I never thought there was anything wrong with how I looked until a close friend pointed out my flaws. Looking for flaws just wasn’t part of my mindset. I was 14 and, as I stood in front of a mirror having each imperfection highlighted, I slowly felt like the clouds above me had opened. It felt like a storm brewing just beneath the surface had finally decided to come out to play. Almost at once, I began to see my stomach as pudgy and my thighs too round. I was too pale, my body proportions seemed way out of synch and I was no longer the beautiful girl my parents had always told me I was.
It took nearly 6 years for me to look in a mirror without immediately feeling ashamed or disgusted by what I saw. It took 6 years to grow to love my body and to see those ‘imperfections’ as aspects that made me uniquely me. Those were 6 years filled with obsessing over my hair and my clothes and what others would see when they noticed me. 6 years of defining who I was based on what I looked like.
The power of words has always amazed me. My friend hadn’t meant to hurt me, I think, and yet those few words affected my perspective of myself for 6 years. I’m nearly 20 and I’m still plagued by thoughts that were inspired by a girl just old enough to sign up for Facebook.
It makes me wonder when and how often my seemingly meaningless comments may have altered another’s views on themselves. My mother often reminds me of the power of words. Particularly, how something I say over and over such as “I’m such an idiot” could begin to reinforce the idea in my mind that maybe I am. This lead to me consciously monitoring and altering my language as a way to improve my mindset. I began to say that something ‘irked’ me rather than irritated/annoyed/freaked me out because the latter words would often ignite negative emotions within me. If I did something wrong or made a mistake I would vocally express my intent to do better next time. I sound like a weirdo sometimes but if it keeps me sane, I’m down for anything. Another plus side is that in bouts of anger, the word ‘irk’ always leaves me laughing.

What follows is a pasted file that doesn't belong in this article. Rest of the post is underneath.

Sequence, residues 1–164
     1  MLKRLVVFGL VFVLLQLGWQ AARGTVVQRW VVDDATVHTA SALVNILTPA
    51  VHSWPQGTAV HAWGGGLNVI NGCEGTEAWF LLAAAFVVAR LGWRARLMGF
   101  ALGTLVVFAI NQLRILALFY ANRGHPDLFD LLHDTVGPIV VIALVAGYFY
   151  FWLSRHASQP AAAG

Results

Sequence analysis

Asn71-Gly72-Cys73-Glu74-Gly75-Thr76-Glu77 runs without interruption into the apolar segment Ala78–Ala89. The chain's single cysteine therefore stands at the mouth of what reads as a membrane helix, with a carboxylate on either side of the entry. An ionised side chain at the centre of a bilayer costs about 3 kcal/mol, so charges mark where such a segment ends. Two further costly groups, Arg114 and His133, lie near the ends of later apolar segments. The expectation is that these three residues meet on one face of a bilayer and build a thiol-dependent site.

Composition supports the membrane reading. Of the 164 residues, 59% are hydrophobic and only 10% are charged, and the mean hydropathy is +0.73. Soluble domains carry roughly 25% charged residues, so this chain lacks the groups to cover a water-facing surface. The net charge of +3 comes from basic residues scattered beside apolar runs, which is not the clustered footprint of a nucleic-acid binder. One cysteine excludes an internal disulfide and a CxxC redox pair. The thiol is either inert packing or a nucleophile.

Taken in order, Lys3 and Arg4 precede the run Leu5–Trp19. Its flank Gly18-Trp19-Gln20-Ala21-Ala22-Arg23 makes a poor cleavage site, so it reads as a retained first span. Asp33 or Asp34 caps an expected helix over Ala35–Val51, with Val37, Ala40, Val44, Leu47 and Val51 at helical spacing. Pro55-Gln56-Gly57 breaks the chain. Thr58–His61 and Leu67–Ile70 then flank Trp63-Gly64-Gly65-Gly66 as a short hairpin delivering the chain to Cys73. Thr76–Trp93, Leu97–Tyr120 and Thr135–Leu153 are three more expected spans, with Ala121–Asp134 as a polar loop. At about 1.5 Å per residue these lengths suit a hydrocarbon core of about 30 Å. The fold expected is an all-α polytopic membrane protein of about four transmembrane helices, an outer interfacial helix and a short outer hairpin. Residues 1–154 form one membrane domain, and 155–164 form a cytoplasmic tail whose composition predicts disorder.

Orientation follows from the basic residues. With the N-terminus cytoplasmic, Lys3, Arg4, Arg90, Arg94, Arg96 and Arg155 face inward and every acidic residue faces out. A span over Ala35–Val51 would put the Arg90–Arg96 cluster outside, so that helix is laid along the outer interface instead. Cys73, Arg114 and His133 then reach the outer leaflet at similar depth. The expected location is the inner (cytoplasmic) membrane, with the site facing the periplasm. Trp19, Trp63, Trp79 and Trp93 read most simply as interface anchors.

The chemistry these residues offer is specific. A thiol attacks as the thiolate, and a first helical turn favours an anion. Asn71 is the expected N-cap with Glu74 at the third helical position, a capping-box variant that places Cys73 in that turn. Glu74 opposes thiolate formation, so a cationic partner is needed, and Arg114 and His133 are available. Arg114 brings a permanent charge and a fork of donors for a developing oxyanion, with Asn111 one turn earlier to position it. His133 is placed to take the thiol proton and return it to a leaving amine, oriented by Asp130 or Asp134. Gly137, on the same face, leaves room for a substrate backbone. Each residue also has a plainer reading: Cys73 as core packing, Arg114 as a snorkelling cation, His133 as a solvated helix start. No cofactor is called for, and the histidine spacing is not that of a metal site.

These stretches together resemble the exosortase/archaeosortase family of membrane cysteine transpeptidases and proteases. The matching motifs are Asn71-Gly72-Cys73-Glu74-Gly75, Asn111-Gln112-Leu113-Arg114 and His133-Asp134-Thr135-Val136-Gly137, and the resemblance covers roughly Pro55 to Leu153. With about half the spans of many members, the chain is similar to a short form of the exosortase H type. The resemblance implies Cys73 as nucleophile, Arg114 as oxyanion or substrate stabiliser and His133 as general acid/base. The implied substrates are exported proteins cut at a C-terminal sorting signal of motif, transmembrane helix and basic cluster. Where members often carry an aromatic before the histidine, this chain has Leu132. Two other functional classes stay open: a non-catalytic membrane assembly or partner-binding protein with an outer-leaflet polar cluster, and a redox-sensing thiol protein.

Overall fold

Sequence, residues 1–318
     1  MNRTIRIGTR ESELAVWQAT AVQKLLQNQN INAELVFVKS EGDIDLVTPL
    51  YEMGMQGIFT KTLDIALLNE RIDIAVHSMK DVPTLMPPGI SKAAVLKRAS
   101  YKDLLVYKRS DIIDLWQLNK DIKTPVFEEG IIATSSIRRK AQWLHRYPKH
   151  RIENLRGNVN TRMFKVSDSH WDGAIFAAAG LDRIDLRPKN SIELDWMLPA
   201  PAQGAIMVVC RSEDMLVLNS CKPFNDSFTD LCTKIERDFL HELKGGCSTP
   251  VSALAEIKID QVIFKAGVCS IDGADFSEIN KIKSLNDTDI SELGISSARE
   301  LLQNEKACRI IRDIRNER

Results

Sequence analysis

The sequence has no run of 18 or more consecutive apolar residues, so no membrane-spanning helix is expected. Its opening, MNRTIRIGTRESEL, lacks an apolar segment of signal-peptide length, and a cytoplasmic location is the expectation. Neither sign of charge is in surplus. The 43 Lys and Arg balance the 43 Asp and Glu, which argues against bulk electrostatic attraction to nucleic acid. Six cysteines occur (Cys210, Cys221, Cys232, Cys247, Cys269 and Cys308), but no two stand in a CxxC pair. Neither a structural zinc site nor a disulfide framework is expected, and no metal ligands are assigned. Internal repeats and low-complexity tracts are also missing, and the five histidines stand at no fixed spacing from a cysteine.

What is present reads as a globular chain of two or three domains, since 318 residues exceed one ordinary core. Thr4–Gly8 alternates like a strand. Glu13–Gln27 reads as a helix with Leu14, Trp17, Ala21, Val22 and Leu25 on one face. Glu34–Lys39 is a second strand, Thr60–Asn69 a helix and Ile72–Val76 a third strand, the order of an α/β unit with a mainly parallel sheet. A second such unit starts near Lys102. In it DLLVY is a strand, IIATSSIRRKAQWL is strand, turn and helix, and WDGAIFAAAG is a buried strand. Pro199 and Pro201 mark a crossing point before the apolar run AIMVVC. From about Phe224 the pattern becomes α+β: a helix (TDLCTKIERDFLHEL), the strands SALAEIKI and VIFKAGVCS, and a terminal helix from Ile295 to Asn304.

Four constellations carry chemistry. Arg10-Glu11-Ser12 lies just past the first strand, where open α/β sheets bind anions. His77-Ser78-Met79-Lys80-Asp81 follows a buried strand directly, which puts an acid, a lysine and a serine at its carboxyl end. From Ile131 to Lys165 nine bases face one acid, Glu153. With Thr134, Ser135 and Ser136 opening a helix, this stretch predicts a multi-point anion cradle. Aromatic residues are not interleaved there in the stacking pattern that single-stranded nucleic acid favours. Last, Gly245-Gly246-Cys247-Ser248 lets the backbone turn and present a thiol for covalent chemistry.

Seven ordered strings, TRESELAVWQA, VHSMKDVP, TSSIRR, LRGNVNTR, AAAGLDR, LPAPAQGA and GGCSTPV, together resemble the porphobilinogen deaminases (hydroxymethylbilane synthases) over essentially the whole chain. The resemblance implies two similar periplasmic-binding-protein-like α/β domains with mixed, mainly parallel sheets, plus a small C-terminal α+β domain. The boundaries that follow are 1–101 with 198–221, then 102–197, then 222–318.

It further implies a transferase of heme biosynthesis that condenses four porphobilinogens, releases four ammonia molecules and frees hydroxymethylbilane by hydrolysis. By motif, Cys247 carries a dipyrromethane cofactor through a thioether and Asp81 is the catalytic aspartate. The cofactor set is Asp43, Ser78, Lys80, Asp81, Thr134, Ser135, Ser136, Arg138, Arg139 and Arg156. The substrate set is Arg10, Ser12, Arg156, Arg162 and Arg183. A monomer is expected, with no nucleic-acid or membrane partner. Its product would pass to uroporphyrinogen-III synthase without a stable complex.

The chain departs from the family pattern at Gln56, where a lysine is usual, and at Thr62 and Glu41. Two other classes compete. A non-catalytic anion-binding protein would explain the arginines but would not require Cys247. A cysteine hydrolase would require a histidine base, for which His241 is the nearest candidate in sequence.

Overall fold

As I considered the effects of my words on myself I began to notice how I spoke to those around me, particularly my sisters. They’re almost 15 and 16 so the three of us often throw around insults or mildly rude comments. It’s normal for us and yet, once I noticed just how frequently I was insulting them, although playful, it struck me just how negative I could be. My innocent comment about my sister being ‘so stupid’ might reinforce those thoughts that she might have. A joke about how much one eats or saying they look ugly could solidify those thoughts in their heads and traumatize them as much as they did to me.
It’s because of these realizations that I’ve begun consciously policing my thoughts and my words. If an insult slips out, I’ll immediately apologize for it whether they were offended or not. If I insult myself consciously or vocally I will immediately focus on 3 positive things about myself. To some, it may sound dumb or nonsensical but I can honestly say I’ve never had such a positive outlook on life. It’s crazy how adjusting one habit can have a tremendous effect on your mindset.
So I encourage all of you to think before you say something. It’s childish but, if you don’t have anything nice to say, don’t say anything at all. We would all have a better mindset if we monitored our words around others.
That’s all from me today.
All my love,
– Jos x
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